There's an interesting post on Japanese culture by Thomas Lifson at The American Thinker - an answer to Ed West's question "why is there no looting in Japan?" (about 3,400 comments and still rising - must be some sort of record). The author, who has lived in Japan, is not writing a piece about immigration, but this passage struck me :
"There is little urban anonymity. When I first lived in Japan on a work visa and had my own apartment in a residential neighborhood of Tokyo, in 1971, I was paid a friendly visit by a local policeman. It was a completely routine matter: police are required to keep track of every resident of their beats, and they want to know the basics, such as your work, your age, and your living circumstances. In my circumstances, immigration papers were also of concern, but for Japanese, it would be the koseki, a mandatory official family record kept on a household basis, reporting births, acknowledgements of paternity, adoptions, disruptions of adoptions, deaths, marriages and divorces. Every Japanese is not just an individual, he or she is officially is a member of a household (ie), and the state keeps track."First of all, imagine the police in London, Bradford or Birmingham doing this ? I can't, either. They'd need backup.
Secondly, imagine keeping this kind of household record for the UK underclass, with the serial partners and fathers. Imagine the Copper or Inspector Gadget doing the interview and getting the whole tale of who did what to whom.
Not that I want to live in a society like that, mind. But the beauty of antediluvian Britain was that we didn't need the officer's clipboard to police ourselves. But "the fewer internal controls, the more external control there will be". Britain's internal, unspoken controls aren't what they were.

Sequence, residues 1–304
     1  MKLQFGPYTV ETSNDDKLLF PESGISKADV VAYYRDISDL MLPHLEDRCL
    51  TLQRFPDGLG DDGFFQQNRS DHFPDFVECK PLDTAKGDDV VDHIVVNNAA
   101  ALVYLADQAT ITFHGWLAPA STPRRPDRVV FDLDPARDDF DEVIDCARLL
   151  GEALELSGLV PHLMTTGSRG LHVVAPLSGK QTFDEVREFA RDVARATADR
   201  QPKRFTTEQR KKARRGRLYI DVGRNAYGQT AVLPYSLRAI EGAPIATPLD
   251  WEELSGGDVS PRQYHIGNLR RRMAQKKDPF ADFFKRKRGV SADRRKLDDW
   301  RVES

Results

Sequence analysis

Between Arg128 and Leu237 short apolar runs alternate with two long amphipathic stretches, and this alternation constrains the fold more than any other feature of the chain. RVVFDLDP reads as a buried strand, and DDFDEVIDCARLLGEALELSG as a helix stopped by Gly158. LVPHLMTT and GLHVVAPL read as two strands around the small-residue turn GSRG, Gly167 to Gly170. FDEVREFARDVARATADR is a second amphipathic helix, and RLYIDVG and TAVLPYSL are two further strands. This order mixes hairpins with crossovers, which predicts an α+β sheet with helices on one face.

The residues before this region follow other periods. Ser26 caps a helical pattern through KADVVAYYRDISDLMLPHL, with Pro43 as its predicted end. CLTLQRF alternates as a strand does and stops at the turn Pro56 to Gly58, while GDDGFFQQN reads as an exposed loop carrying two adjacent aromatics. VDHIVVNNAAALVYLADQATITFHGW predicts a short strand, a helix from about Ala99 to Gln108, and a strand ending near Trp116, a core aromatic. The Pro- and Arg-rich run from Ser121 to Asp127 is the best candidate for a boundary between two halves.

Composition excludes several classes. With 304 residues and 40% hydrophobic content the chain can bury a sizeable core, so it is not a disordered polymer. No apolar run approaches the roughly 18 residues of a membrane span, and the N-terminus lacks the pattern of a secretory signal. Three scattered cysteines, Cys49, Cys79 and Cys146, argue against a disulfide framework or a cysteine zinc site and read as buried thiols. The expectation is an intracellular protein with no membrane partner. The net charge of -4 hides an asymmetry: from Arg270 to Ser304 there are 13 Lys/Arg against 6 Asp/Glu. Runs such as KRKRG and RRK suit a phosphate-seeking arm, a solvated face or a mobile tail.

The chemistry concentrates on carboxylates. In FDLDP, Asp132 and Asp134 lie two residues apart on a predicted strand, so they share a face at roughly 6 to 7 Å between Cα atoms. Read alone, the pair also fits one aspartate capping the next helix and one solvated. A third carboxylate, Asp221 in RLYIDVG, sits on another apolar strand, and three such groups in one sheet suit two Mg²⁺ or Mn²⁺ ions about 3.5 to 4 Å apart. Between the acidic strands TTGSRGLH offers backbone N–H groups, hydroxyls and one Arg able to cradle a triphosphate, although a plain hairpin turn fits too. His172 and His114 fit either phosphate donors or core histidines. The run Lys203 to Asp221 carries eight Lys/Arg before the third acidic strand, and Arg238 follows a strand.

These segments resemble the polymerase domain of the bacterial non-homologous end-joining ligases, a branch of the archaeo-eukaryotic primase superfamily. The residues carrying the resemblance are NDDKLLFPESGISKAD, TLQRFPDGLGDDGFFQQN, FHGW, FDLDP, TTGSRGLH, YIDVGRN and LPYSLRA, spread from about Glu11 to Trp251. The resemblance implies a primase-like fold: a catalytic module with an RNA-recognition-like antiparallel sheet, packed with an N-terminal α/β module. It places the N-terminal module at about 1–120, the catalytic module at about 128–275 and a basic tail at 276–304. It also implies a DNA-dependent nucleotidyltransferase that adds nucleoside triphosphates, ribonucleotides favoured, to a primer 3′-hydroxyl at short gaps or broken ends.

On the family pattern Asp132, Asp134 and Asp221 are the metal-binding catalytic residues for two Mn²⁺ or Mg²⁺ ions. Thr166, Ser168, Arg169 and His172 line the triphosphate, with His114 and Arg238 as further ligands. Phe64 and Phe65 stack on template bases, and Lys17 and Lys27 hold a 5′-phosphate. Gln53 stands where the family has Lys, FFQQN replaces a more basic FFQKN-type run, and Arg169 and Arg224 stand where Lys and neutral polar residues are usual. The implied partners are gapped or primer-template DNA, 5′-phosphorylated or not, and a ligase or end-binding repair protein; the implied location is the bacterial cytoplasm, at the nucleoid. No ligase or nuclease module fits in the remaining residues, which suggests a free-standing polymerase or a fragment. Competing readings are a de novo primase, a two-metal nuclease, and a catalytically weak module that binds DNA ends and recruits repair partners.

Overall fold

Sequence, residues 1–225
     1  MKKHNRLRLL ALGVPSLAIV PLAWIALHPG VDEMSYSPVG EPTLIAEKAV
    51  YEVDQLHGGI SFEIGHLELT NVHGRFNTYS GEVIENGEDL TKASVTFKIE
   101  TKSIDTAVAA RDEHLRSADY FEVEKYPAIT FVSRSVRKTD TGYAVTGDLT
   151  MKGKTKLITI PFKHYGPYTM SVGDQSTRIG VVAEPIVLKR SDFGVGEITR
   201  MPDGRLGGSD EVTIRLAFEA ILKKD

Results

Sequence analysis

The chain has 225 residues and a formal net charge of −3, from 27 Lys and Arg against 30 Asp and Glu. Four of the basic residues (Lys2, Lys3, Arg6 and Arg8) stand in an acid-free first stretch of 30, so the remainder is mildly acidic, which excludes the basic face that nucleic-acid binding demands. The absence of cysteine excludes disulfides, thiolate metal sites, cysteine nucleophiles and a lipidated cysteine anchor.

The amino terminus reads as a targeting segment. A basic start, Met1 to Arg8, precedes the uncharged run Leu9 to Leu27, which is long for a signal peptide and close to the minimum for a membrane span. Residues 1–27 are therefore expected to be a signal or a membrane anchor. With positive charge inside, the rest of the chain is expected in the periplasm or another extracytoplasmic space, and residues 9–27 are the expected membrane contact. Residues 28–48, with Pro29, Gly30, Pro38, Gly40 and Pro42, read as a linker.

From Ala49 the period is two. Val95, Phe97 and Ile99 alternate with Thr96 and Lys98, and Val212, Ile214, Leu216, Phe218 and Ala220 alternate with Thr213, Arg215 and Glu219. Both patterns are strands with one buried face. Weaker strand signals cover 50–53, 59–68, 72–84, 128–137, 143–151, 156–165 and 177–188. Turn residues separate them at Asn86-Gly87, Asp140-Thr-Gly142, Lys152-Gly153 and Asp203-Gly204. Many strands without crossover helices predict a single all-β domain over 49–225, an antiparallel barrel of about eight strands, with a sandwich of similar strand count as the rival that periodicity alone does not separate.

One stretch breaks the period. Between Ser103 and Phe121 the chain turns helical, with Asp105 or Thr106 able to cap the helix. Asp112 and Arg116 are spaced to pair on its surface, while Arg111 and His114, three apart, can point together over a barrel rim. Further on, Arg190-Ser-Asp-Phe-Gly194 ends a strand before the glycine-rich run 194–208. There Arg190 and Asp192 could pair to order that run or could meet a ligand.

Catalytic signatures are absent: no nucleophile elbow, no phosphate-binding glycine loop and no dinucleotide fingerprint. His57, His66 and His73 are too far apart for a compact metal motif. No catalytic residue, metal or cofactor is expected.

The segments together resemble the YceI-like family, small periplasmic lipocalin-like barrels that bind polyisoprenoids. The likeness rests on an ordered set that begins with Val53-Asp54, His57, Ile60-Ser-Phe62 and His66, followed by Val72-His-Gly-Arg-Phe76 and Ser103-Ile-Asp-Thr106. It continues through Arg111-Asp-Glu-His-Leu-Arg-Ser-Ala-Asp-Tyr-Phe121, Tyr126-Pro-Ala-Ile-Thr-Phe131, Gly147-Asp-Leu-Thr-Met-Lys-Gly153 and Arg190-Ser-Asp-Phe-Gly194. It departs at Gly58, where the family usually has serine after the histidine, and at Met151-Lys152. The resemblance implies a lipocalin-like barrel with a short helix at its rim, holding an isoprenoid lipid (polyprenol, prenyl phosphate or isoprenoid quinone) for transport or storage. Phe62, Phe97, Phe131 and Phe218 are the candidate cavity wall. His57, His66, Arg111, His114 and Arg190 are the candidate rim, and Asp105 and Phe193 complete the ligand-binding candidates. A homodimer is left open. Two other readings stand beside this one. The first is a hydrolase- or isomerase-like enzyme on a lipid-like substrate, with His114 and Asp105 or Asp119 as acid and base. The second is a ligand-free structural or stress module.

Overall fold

Remember, this is a huge capital city, a financial and industrial hub, not a small town. Another anecdote :
"Following the gathering of my information, the policeman no doubt returned to his local substation (koban), which are found every few blocks in urban areas, to record the information for his colleagues. To an American it seemed quite extraordinary, a violation of privacy. But in Japan a lack of anonymity is the norm.
Soon after the beat cop's visit to me, local merchants began nodding to me as I walked to and from the train station, as if they knew me and acknowledged me. I was fairly certain the word had gone out via omawari san (literally, the honorable gentleman who walks around, a polite colloquial euphemism for the police) that I was a Japanese-speaking American in Japan on legitimate, respectable grounds. For a year or so, I was a member of the community."
Again, you could imagine that in the low-crime Golden Age That Never Was. But now ? The police would never have the time and would probably think you were taking the mick.
"... most contemporary Japanese have internalized a deep respect for private property, that is manifested in a ritual of modern life for children, one which we might do well to emulate. When a child finds a small item belonging to another person, even a one yen coin, a parent takes the child to the local koban and reports lost property. As chronicled by T.R. Reid in his wonderful book about living in Tokyo, Confucius Lives Next Door, the police do not resent this as a waste of time but rather see it as part of moral education, solemnly filling out the appropriate forms, thanking the child and telling him or her if the owner does not appear to claim the item, it will revert to the finder after a certain period of time."
We had, once, the happy state where internal social controls (conscience, shame, self-esteem - 'we just don't do that') were so strong that external controls were not terribly visible or terribly intrusive. Japan make assurance doubly sure with strong internal AND external controls.
"Perhaps more successfully than any other people of the world, the Japanese have evolved a social system capable of ensuring order and good behaviour."